Demystifying the Dolma

Growing up in Fresno, California, I took stuffed grape leaves for granted as staples at any deli counter. As a kid, I met them eye-level through the display glass with a mix of awe and suspicion. They might be considered a standard dish in many Mediterranean cuisines, but in my mind, all I saw was a dark, glossy green roll, delicately wrapped up and eerily finger-sized.

Depending on who you talk to, they can be called dolmas or sarmas, and the words literally translate to “stuffed things.”

I hadn’t thought about the dolma much until this year, when my daily drive took me past miles of vineyards on the outskirts of Fresno. With the top grape acreage of any county in the United States, that translates to lots of wine, raisin, and table grapes. And while Jan and I often find ourselves enjoying products made from grapes (with wine being the clear winner), there’s another product that comes from these grapevines that we often overlook, the leaves.

Jan has always loved stuffed grape leaves, and likes to try offerings at local markets and sandwich shops in search of the best. He’s even purchased canned stuffed grape leaves, though those left much to be desired. I’ve always found the briny taste of the grape leaves too overwhelming to enjoy them, so tackling this dish was a good challenge for us. And while I knew the results wouldn’t turn out like anyone’s grandmother’s, I hoped they might come in somewhere in between the canned version and the deli counter’s.   


Start with grape leaves in a jar

I went to a Mediterranean market to purchase the grape leaves, which came in a large jar. The grape leaves had to be removed and unfolded carefully, so they would not rip. Because the grape leaves are soaked in brine, I rinsed thoroughly to remove as much extra salt water as I could.

Combining beef, lamb, rice, butter, water, and spices

You can get creative with stuffings, but the classic is rice and meat, and we chose a recipe that had a higher meat to rice ratio. We ground up cuts of beef and lamb in our meat grinder, and our ratio was about two-thirds beef to one-third lamb. The meat is mixed with uncooked rice, which will cook together with the meat once wrapped in the grape leaf.


Carefully wrapping

Rolling them was both fun and tricky, and I had to keep reminding myself that the stuffing would double in size while cooking. If wrapped too tightly, the grape leaf could break during cooking as the filling expands inside. 


Served with beef and lamb meatballs, rice pilaf, and salad

We enjoyed them with a hummus appetizer, lamb and beef meatballs (made with the leftovers of the meat we ground for the dolmas), cucumber and tomato yogurt sauce, and rice pilaf.

And I must say that the stuffed grape leaves were a winner! The cayenne gave the stuffing a bit of a welcome kick, and the meat and rice was perfect, providing just the right balance to the flavor of the grape leaves. Serving with the yogurt dipping sauce took the dolmas up to the next level, and we will definitely be making these again. After seeing them come together from the inside out, I won’t be that skeptical kid at the deli counter anymore. In fact, I might even call myself a fan.


Stuffed grape leaves 

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Jar of grape leaves in brine 

 ½ lb ground beef

 ¼ lb ground lamb

 ½ onion, medium dice

 1/3 cup white rice, uncooked

 2 tablespoons butter

 1 teaspoon tomato paste

 1/8 cup warm water

 1 teaspoon salt

 Black pepper

 Cayenne pepper 

 Dried basil




 Carefully remove the grape leaves from the jar, unfold, and rinse thoroughly. Set aside. In a bowl, combine beef, lamb, rice, butter, tomato paste and salt. Add pinches of black pepper, cayenne, basil, and savory. The last ingredient to be added is the warm water.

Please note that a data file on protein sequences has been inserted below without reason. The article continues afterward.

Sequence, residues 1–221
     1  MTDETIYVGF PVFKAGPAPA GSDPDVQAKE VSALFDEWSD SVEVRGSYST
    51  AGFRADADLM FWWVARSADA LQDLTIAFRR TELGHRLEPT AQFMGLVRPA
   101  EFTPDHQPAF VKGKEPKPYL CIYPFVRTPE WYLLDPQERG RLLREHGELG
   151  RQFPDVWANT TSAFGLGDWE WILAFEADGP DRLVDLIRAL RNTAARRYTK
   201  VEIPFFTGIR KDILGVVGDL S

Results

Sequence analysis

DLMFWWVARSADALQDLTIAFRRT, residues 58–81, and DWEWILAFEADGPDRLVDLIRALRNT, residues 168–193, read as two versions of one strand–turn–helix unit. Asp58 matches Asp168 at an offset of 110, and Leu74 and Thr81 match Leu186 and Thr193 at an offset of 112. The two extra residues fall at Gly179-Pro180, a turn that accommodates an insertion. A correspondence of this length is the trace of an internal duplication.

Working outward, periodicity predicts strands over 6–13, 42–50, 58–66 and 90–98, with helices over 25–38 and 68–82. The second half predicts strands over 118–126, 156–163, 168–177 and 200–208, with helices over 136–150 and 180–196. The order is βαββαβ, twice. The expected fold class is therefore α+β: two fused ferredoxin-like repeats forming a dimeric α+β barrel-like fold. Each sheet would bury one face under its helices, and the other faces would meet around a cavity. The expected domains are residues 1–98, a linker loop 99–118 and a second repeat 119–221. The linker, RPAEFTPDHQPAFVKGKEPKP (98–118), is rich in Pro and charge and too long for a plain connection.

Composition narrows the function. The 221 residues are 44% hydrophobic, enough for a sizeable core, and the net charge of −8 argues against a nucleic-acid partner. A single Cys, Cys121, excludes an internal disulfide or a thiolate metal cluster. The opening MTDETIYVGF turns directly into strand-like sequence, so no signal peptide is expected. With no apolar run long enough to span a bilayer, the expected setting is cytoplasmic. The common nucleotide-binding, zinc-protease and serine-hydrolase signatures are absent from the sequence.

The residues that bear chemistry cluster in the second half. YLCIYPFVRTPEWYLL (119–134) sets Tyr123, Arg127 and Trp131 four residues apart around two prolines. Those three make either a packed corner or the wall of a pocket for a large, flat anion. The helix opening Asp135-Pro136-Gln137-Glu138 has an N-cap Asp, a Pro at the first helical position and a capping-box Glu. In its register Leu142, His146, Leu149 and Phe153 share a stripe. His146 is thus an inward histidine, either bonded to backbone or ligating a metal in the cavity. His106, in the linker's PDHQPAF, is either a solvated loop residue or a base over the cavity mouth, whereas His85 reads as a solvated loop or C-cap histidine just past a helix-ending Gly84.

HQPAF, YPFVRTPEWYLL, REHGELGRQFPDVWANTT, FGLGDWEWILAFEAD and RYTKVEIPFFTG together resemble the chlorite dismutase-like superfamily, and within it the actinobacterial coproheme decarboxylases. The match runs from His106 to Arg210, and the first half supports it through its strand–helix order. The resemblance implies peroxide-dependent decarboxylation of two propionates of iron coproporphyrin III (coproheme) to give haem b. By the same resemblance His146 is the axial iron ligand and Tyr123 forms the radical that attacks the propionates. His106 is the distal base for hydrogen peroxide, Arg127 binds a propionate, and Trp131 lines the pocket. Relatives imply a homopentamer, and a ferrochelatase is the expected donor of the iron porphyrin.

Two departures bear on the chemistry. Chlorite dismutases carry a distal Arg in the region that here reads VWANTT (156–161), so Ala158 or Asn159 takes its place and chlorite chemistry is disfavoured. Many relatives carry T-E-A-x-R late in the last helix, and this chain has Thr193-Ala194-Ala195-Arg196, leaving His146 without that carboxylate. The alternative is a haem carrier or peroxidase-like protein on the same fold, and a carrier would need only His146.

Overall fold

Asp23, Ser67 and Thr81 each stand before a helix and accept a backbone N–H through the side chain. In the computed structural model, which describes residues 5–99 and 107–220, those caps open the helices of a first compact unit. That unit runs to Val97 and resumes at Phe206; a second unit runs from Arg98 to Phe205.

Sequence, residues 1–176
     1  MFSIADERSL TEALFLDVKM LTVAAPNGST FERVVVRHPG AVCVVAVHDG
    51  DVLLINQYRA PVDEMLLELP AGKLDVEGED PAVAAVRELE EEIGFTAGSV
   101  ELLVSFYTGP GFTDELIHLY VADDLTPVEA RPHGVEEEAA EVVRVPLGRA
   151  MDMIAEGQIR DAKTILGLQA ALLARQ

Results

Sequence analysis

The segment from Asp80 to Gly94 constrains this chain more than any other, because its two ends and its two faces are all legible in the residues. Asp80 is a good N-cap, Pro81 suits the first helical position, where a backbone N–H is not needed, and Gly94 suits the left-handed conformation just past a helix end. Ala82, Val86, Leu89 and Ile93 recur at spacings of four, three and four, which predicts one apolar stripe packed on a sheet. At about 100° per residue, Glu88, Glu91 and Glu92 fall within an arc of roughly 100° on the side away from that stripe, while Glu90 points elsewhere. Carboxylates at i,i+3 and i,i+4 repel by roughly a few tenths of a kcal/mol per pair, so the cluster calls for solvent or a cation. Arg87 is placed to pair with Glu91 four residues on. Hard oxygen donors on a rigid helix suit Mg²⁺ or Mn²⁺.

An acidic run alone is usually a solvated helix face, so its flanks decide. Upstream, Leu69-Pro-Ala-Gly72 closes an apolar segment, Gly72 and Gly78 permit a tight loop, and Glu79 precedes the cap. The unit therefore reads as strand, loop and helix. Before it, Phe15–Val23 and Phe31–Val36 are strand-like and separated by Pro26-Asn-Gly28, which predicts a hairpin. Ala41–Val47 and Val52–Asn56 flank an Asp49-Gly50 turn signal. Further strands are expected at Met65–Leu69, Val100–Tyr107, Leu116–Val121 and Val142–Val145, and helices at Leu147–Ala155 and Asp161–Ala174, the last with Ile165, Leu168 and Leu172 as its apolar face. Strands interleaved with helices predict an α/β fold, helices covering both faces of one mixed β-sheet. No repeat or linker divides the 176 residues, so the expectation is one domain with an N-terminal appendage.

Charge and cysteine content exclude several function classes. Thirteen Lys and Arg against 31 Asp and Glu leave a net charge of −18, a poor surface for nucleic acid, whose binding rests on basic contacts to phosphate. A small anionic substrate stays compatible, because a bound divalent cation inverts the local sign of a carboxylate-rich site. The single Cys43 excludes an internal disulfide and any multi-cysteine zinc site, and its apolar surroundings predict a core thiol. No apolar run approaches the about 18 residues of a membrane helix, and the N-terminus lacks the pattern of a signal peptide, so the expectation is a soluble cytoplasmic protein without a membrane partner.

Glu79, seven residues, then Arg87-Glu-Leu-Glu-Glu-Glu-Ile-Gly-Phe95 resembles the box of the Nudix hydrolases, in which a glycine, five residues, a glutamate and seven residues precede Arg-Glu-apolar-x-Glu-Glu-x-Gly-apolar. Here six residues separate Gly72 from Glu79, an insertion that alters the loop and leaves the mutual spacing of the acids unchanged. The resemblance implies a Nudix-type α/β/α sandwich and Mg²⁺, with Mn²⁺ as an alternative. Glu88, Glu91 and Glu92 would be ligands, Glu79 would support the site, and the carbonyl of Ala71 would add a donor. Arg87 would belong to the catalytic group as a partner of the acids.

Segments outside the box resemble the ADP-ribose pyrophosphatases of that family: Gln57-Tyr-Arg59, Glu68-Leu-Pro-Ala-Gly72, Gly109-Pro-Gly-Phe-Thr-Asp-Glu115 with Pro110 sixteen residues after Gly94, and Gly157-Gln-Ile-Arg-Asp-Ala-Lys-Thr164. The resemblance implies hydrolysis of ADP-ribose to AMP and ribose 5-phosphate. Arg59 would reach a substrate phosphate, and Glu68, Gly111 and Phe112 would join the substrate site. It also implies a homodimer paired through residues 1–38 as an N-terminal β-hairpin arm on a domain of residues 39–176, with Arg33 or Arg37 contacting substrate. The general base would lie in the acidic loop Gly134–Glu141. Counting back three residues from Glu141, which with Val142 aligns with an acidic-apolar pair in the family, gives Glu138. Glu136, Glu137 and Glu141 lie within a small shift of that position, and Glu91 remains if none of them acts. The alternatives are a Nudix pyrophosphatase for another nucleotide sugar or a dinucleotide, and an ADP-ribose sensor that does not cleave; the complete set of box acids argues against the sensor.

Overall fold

Mix the mixture with your hands until combined, then let the mixture rest for a few minutes before rolling in the grape leaves. While the mixture is resting, line the bottom of a pan with grape leaves, to protect the stuffed grape leaves while cooking.

Carefully wrap about one tablespoon of stuffing with one grape leaf. Form a cylinder shape with the stuffing at the base of the grape leaf. Fold in the bottom and sides and carefully wrap into a roll. Place in the pan on top of the grape-leaf-lining, with the point of the leaf down.


Place the stuffed grape leaves atop a bed of grape leaves

Once you’ve used all your stuffing (this recipe makes about 20 dolmas), and filled the pan with a single layer of grape leaves, add enough water to cover them, along with about half a teaspoon of oil. Cook on medium heat for about 20 minutes, or until the rice is tender. 


Cooking in water, which will boil away

While they are cooking, make the yogurt dipping sauce (see below). After about 20 minutes on the stove, you may have to sacrifice one to test if it’s done. The liquid should have boiled away and you will be left with shiny dolmas that are deeper in color than the uncooked versions.


When done, they're a deep, dark green

For the sauce, you will need about half a cucumber, 1-2 tomatoes, plain yogurt, and lemon juice. Peel the cucumber, cut in half, and remove the seeds with a spoon. Use a cheese grater to shred the cucumber, and place into a bowl. Add diced tomato, about 1 cup of plain yogurt, and about 1 tablespoon of lemon juice. Stir and refrigerate until ready to serve. Can be served atop the stuffed grape leaves or as a dipping sauce on the side.

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Out to lunch

You’ll probably notice that Jan and I don’t go out to dinner much, preferring to spend most of our evenings at home. But that doesn’t mean we never go out. What we really like is going to lunch, because for some reason, it just feels fun to us to be out and about in the middle of the day.

We especially enjoy trying out lunch specials because they’re the perfect way to sample a bunch of different dishes. At Chinese restaurants, this usually means ordering the “Imperial Special,” and running out of room at the table after pot stickers, soup, salad, chow mein, sizzling beef, sweet and sour shrimp, etc. While I enjoy the food, I find myself feeling overwhelmed and overly stuffed.